“We call those people ‘entrants’ and try to reserve the term nominee for the finalists….Anybody could send something in with the $50 handling charge,” says Gissler. “I encourage people to maintain the distinction between an entrant and a nominated finalist. I’m sure there are people who call themselves nominees and have just sent in the entry. They’re nominees in a very limited sense of the term.”

Actually, there’s nothing limited about the term “Pulitzer nominee.” It’s everywhere, especially in university press releases and listings for lectures and the like. The term excites any organization that wants to hype its new hire or guest lecturer.

For example, when Western Carolina University announced its new John A. Parris Jr. and Dorothy Luxton Parris Distinguished Professor in Appalachian Cultural Studies, here’s how it headlined the press release: “PULITZER NOMINEE RON RASH NAMED WCU’S PARRIS PROFESSOR.”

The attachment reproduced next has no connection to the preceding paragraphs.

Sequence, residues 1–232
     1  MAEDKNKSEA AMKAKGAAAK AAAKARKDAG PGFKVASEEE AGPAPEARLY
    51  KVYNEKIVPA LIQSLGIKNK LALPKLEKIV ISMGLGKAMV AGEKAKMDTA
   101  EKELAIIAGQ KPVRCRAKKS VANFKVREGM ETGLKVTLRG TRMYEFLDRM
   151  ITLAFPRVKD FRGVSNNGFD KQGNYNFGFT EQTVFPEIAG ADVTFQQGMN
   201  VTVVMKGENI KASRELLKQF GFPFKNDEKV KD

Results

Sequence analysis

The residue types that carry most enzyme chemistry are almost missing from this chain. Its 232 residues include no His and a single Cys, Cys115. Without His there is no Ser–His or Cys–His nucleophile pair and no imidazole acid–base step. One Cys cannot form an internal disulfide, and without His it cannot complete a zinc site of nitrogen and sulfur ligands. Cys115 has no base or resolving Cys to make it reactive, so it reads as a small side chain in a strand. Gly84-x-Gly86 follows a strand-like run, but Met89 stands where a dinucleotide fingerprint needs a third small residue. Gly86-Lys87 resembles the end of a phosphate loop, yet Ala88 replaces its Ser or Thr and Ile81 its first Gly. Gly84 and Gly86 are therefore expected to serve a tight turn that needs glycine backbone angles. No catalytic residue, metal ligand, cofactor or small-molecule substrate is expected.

Rash’s “nomination” comes courtesy of Iris Press, a company in Oak Ridge, Tenn., that produces about four books a year, according to Robert Cumming, Iris’ publisher. How many does Iris pass along to the Pulitzers? “Some years we send almost all of them,” says Cumming.

Says Rash of the nod from Iris: “It’s certainly an honor. Obviously, it’s even better if you’re a finalist or a winner.”

Sure, but “nominee” is so flexible. Florida poet Lola Haskins says that publishing houses have submitted her work for Pulitzer consideration several times. She says that using the unsanctioned credential helps draw crowds for poetry readings. “It is absolutely true: To the general public, if you say you’re a Pulitzer nominee, you draw a larger audience,” says Haskins. “Once we get [them] there, we hope to reward them.”